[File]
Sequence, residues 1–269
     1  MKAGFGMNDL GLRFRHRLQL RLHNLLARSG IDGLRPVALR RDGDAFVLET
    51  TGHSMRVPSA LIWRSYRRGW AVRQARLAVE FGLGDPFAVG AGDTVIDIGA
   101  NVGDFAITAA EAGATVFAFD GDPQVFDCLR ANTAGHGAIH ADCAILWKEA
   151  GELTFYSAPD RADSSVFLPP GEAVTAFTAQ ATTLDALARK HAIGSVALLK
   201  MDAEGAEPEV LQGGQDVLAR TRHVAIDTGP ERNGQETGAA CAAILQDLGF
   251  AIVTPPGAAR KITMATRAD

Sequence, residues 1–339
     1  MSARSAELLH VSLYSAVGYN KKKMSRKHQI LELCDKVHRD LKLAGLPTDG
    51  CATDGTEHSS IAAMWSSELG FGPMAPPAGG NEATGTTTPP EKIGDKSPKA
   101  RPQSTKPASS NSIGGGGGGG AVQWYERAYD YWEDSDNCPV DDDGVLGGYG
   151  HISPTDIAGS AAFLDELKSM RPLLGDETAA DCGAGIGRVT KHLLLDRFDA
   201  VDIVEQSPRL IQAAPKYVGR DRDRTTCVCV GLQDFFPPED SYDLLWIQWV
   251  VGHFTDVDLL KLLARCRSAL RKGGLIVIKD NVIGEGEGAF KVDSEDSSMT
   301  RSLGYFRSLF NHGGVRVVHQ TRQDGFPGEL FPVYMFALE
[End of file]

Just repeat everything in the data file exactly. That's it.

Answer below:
Sequence, residues 1–269
     1  MKAGFGMNDL GLRFRHRLQL RLHNLLARSG IDGLRPVALR RDGDAFVLET
    51  TGHSMRVPSA LIWRSYRRGW AVRQARLAVE FGLGDPFAVG AGDTVIDIGA
   101  NVGDFAITAA EAGATVFAFD GDPQVFDCLR ANTAGHGAIH ADCAILWKEA
   151  GELTFYSAPD RADSSVFLPP GEAVTAFTAQ ATTLDALARK HAIGSVALLK
   201  MDAEGAEPEV LQGGQDVLAR TRHVAIDTGP ERNGQETGAA CAAILQDLGF
   251  AIVTPPGAAR KITMATRAD

Sequence, residues 1–339
     1  MSARSAELLH VSLYSAVGYN KKKMSRKHQI LELCDKVHRD LKLAGLPTDG
    51  CATDGTEHSS IAAMWSSELG FGPMAPPAGG NEATGTTTPP EKIGDKSPKA
   101  RPQSTKPASS NSIGGGGGGG AVQWYERAYD YWEDSDNCPV DDDGVLGGYG
   151  HISPTDIAGS AAFLDELKSM RPLLGDETAA DCGAGIGRVT KHLLLDRFDA
   201  VDIVEQSPRL IQAAPKYVGR DRDRTTCVCV GLQDFFPPED SYDLLWIQWV
   251  VGHFTDVDLL KLLARCRSAL RKGGLIVIKD NVIGEGEGAF KVDSEDSSMT
   301  RSLGYFRSLF NHGGVRVVHQ TRQDGFPGEL FPVYMFALE